Words by Rebecca Rusch
I didn’t know what gelände quaffing was until I moved to Idaho. Now it’s an annual tradition that I host as a hotly contested competitive component of Rebecca’s Private Idaho. For those who don’t ride that fast, there’s still the opportunity for glory just before the sun sets in Ketchum. Beer and bikes go together like peanut butter and jelly. There’s a long history of tipping a frosty mug after a glorious bike ride. However, I think my event might be the first one to bring gelände quaffing to a cycling event. Go ahead and prove me wrong on this.
As the event director, the most common question I get is “What is gelände quaffing?”
Gelände: from the German geländesprung, “a jump usually over an obstacle in skiing that is made from a low crouch with the aid of both ski poles.”
Quaffing: to drink something (especially an alcoholic beverage) heartily.
Put them together and you get the greatest beer event you’ve never heard of. A sort of all-terrain drinking event. A game where style points count and athleticism and training are essential.
It’s a ski-town tradition that is loosely based on a type of ski racing that dates back to the 1940s involving all-terrain skiing and flying through the air as far as you could — a traditional form of hot-dogging, if you will.
This rogue sport, called geländesprung, has deep roots in European ski resorts around the world. Fast-forward to Jackson Hole, Wyoming, our neighboring ski resort (which also has great mountain biking), and the tradition of gelände quaffing was born in the U.S. in the ’80s. Wasn’t everything that’s good born in the ’80s?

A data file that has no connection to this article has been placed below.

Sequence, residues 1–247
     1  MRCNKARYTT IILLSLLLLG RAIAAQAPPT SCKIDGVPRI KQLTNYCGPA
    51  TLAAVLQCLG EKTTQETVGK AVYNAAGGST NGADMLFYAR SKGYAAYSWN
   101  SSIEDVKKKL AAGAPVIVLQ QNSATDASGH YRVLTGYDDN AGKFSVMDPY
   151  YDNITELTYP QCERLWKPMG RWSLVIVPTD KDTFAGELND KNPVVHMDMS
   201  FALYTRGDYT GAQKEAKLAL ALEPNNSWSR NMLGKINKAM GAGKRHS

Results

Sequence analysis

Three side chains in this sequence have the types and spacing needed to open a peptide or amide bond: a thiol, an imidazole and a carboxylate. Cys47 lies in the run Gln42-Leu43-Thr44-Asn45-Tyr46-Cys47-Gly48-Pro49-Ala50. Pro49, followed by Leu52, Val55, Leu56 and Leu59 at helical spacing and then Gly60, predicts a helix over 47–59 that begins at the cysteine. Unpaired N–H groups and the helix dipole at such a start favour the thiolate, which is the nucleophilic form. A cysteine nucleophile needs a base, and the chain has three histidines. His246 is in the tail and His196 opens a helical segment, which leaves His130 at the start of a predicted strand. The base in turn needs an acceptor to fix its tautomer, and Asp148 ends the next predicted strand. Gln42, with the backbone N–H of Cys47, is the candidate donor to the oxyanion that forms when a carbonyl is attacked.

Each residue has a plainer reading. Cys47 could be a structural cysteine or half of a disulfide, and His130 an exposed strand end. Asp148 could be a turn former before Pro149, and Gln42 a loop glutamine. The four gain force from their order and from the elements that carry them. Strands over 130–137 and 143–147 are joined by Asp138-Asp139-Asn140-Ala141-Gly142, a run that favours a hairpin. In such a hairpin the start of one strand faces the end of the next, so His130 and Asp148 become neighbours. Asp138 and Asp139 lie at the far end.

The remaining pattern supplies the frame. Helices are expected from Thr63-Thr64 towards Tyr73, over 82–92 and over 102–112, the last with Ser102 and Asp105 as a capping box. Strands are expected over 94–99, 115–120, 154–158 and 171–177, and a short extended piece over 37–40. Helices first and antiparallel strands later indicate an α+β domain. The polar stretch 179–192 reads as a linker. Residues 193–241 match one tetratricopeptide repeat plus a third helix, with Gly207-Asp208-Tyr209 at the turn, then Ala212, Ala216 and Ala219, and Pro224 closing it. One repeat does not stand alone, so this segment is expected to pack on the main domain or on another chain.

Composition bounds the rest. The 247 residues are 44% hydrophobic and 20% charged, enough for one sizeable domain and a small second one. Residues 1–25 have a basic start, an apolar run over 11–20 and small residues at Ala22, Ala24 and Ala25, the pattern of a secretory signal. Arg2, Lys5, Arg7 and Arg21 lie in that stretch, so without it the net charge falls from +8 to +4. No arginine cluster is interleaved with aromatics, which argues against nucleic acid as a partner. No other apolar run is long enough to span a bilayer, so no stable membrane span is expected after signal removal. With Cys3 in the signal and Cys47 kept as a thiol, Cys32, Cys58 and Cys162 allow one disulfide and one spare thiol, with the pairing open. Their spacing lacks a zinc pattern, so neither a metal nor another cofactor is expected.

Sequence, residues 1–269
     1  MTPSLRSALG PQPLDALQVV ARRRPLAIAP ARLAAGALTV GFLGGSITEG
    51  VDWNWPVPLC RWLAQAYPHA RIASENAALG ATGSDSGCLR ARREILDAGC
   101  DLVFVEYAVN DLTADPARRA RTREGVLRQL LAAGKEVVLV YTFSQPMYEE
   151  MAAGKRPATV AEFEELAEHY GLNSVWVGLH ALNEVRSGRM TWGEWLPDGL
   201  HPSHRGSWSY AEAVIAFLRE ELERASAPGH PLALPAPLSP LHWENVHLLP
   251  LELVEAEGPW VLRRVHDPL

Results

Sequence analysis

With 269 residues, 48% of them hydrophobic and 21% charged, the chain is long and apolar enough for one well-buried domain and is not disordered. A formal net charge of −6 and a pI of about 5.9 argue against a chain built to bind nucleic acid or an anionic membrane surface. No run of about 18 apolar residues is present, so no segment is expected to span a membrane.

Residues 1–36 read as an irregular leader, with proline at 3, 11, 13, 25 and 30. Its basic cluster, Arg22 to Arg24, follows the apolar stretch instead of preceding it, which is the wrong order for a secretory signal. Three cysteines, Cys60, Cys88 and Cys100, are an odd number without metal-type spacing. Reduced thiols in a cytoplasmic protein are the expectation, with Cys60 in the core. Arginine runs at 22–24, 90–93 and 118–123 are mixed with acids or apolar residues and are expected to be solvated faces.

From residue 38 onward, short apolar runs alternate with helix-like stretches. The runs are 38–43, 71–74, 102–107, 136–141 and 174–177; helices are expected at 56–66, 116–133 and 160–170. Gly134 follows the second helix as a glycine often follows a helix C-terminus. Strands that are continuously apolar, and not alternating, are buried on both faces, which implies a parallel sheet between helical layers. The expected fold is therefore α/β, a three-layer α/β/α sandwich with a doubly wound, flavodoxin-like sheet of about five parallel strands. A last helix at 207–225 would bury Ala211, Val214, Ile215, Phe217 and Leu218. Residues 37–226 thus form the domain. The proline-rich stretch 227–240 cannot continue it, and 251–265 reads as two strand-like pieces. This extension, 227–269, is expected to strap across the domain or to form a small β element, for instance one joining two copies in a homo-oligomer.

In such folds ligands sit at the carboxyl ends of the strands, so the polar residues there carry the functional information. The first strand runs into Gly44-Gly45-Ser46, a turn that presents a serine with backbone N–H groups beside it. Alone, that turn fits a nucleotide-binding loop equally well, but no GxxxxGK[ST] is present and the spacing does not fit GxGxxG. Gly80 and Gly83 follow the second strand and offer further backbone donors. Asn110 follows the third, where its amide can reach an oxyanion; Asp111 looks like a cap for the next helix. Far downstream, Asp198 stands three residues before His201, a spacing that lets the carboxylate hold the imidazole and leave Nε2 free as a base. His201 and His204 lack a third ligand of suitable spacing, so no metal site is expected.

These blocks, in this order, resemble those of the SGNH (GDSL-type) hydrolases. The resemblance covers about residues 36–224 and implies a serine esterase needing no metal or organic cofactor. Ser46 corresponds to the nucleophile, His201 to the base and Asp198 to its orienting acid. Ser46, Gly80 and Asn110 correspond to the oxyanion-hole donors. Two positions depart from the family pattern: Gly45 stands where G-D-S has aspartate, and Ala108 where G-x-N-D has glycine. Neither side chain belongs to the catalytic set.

The folklore goes that a die-hard crew of big-mountain skiers, dubbed the Jackson Hole Air Force, was waiting in a bar for the mountain to open following a three-day storm. The bartender slid a crisply filled beer mug down the bar top, and the glass took air off the end of the bar. It was caught before it shattered, then heroically consumed. And gelände quaffing was born.
Each year, quaffing teams form organically at the post-ride celebration at Private Idaho. By the time the brackets are made and the tables are sufficiently lubricated with spilled beer, riders have been celebrating their ride and warming up for the final event for hours.
The rules are simple, but execution is not. Teams of four rotate around the 10-foot-long table. Slide the frothy beer mug to your teammate; she or he must let it leave the table, catch it before it lands on the ground, quaff the beer and slam the mug back down. This rotation continues for 60-second rounds. Points are given for the most catches. Extra points are awarded for a handle catch, one-handed grabs and freestyle moves. Costumes are encouraged, although many wear trash bags to keep the inevitable spillage off their best T-shirt.
I’ll just admit this openly: I suck at gelände quaffing. I don’t fail at too many things, but this year, I let my team down. I didn’t make a single catch and my fumbles got our women’s team eliminated in the first round. It was a pathetic showing on my part.
It became painfully obvious that while I may have the athleticism, I certainly had not put in my specific quaff training. Either that or I just didn’t have enough of a buzz to be competitively uninhibited.
I can justify my lackluster performance by telling you that the winning team was from Emporia, Kansas, and their team captain owns a bar. From the looks of his physique, he quaffs regularly. He probably does quaffing intervals and quaffing endurance days — a legit training regimen. I just don’t know how I can compete with that, unless the next evolution of gelände includes turning pedals on a bike.
Win or lose, raising a glass after a big ride with friends is a tradition I’m happy to keep alive. And if you visit Mulready’s Pub in Emporia, grab a seat at the bar and ask the owner, Rick Becker, to spin you a tale about the time he won the gelände quaffing competition at Rebecca’s Private Idaho. I bet he’ll even show you the stunning PBR trophy. Until the next ride, prost!
This column originally appeared in Dirt Rag #195.
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